In other way, Guava fruits treated for 2 to 4 minutes in 1% and 2% of calcium chloride recorded a potential shelf life of more than 9 days under room storage condition [50]. According to Galvis extended shelf life up to 30 days was noted for mango fruits dipped in 10% of calcium chloride solution at ambient temperature and stored at 12°C and 85%-90% relative humidity. Similarly, Calcium chloride (CaCl2) treatment significantly reduced relative weight loss, delayed the development of purple skin colour, blemishes, disease incidence and severity in avocado fruits stored for 18 days compared to untreated control [51].

Calcium chloride (CaCl2) can also change intracellular and extracellular processes that can slow down fruit ripening, maintain cell walls so that it can inhibit fruit softening and reduce mechanical and microbiological damage [52]. Mold incidence and severity appeared on pineapple dipped in the CaCl2 solution after the 16th day of storage but it exhibited better sensory properties, particularly on texture, colour and overall acceptance after storage for 40th days. Extended shelf life was reported by Youryon and Wongs for Pineapple fruits immersed in 1%, 2% and 3% of CaCl2 solution and kept under mild low temperature storage condition [53].

Hot water treatment: Hot water treatments are postharvest thermal treatments that applied on fruits by immersion, rinsing and brushing at desired temperature ranges and duration for retaining quality and microbial safety of fresh fruits. It is effective, particularly for fungal pathogen control because fungal spores and latent infections are either on the surface layers or under the peel of the fruit. The application of hot water treatments on different fruits have been increased in order to disinfestations of insect pests, prevent fungal rots and increase fruit resistance to chilling injury.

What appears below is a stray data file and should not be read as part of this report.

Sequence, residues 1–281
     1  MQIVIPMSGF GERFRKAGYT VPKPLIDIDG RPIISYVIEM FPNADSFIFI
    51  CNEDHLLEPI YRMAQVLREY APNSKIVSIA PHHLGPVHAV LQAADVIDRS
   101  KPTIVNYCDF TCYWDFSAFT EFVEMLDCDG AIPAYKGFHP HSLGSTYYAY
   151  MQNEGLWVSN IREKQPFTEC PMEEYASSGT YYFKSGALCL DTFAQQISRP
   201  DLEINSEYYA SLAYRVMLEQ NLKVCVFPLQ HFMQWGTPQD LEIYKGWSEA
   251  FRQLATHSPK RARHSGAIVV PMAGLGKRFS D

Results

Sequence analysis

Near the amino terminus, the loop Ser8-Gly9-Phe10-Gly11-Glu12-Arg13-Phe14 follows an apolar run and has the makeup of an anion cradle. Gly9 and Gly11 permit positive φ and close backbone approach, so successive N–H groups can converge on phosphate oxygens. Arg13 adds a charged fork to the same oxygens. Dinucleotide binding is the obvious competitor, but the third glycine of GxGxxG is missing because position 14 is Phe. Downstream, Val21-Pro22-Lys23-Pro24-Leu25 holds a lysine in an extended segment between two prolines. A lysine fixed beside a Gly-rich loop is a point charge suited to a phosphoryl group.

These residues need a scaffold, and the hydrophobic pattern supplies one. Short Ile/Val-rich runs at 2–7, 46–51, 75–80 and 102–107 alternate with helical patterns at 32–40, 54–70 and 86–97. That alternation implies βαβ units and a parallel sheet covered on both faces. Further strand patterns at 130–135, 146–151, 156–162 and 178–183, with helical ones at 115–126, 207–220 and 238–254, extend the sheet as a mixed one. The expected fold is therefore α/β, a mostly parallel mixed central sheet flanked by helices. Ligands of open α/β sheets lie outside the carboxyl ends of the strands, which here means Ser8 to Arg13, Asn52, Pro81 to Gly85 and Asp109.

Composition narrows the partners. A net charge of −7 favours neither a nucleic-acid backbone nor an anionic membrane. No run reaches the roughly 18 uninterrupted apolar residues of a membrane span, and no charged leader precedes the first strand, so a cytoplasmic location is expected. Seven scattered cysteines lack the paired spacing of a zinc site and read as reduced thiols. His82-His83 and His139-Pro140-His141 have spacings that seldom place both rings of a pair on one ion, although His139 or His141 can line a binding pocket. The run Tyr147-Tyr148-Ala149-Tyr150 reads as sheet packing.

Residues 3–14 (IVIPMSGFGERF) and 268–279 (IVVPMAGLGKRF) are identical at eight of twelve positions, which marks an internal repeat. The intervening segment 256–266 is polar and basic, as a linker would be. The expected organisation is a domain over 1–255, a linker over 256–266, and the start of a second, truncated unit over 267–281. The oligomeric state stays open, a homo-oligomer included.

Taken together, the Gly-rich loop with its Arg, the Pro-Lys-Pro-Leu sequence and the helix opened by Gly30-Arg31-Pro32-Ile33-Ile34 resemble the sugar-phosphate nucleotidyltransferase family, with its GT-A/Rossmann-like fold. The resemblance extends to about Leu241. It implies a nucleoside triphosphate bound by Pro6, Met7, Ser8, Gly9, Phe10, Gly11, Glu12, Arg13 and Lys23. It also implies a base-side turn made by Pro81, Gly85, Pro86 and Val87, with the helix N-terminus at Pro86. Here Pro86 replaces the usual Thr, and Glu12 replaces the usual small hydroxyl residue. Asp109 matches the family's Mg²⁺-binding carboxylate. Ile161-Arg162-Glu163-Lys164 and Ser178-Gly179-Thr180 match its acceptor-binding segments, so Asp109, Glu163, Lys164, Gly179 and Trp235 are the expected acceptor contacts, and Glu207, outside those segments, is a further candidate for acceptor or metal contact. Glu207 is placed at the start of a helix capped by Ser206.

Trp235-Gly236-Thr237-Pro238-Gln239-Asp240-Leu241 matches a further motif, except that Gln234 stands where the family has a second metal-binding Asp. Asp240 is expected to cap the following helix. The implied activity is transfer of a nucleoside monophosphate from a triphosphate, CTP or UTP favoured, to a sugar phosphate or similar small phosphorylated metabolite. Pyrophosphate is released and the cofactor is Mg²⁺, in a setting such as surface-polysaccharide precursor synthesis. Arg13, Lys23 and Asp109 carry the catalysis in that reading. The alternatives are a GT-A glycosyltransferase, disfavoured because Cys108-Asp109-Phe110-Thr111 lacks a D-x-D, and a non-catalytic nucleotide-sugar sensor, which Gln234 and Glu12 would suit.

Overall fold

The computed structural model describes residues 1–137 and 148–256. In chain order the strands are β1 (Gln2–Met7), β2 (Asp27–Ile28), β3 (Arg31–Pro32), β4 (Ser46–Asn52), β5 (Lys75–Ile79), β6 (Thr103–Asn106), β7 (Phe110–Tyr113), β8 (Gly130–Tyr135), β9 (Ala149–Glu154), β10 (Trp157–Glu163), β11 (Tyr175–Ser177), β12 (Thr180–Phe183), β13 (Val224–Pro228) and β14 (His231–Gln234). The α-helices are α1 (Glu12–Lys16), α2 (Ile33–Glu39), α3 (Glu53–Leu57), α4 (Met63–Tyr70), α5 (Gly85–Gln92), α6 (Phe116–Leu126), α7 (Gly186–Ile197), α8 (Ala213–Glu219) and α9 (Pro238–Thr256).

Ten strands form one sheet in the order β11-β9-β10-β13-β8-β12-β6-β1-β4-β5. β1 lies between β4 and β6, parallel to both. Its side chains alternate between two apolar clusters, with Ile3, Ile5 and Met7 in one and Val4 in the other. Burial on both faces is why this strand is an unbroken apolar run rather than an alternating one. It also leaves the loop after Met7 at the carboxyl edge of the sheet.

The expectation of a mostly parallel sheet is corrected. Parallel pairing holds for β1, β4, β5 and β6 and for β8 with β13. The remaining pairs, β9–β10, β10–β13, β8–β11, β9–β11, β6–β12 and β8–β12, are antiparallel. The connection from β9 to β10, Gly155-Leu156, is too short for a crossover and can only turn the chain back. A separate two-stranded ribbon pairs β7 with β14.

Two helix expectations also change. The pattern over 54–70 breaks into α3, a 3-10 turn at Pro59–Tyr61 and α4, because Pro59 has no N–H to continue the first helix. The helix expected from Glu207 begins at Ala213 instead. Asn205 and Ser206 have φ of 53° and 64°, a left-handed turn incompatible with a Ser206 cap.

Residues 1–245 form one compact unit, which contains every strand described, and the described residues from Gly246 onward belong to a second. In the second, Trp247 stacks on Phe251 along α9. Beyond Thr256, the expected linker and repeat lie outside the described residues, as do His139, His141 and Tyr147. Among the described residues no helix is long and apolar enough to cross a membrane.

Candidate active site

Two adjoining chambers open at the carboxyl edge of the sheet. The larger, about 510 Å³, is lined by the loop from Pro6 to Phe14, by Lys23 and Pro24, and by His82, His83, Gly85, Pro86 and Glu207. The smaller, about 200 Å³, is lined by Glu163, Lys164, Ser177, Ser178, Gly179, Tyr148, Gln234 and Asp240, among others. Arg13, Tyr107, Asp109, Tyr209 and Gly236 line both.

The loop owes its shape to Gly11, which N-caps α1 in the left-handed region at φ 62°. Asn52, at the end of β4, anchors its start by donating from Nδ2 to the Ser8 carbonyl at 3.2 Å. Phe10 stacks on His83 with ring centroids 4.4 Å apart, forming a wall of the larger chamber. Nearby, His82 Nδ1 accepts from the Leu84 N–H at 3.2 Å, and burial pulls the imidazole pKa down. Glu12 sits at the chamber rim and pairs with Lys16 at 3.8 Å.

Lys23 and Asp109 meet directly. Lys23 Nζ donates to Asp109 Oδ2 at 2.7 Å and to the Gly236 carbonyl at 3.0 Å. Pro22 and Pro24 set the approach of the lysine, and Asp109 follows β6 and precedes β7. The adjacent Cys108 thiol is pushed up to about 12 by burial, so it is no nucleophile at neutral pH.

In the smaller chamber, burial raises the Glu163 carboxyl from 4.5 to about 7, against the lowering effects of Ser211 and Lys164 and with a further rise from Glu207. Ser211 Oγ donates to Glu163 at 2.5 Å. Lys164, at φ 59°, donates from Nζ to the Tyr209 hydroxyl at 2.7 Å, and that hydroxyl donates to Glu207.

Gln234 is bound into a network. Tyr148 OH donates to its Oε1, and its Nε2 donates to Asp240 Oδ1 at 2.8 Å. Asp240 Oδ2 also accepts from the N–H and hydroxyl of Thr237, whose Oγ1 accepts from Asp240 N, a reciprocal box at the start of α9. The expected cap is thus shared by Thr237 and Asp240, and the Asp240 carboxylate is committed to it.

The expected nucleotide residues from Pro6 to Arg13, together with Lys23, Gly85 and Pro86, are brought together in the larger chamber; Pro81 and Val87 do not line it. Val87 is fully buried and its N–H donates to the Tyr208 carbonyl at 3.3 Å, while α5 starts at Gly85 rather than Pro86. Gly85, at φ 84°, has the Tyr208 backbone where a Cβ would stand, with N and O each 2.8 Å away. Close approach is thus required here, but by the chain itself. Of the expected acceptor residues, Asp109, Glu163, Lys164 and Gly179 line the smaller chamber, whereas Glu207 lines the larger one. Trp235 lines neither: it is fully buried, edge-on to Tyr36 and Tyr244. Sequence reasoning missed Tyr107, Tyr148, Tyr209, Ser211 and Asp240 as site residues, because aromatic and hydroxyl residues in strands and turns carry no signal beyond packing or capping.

The use of hot water as a disinfestations and maintaining quality of fresh fruits are affected by number of factors including maturity stage, cultivar type, temperature and duration. Many fruits tolerate exposure to water temperatures of 50°C-60°C for up to 10 min, but shorter exposure at these temperatures can control many post-harvest plant pathogens. In contrast, hot water dips for fruit require 90 min exposure to 46°C. Several Authors reported that hot water treatment of fruits at different temperatures for several minutes to hour was applied for maintaining fruit quality during marketing and storage.

Hot water treatment of mango fruits resulted reduced postharvest decay, improved colour, appearance of mango fruits. Mango fruit preliminarily treated with hot water significantly maintained firmness during 7 days of storage at ambient conditions. Hot water treatment could reduce disease incidence and maintain postharvest quality during storage and prolong the shelf life of papaya fruit. Extended storage stability and marketability was reported for Pineapple and avocado fruits treated by hot water at different temperature and time combination. Related research finding revealed that Guava fruits treated with hot water at 45°C for 3 minute last up to 31 days under room temperature of 5°C ± 2°C and 85 to 90% relative humidity.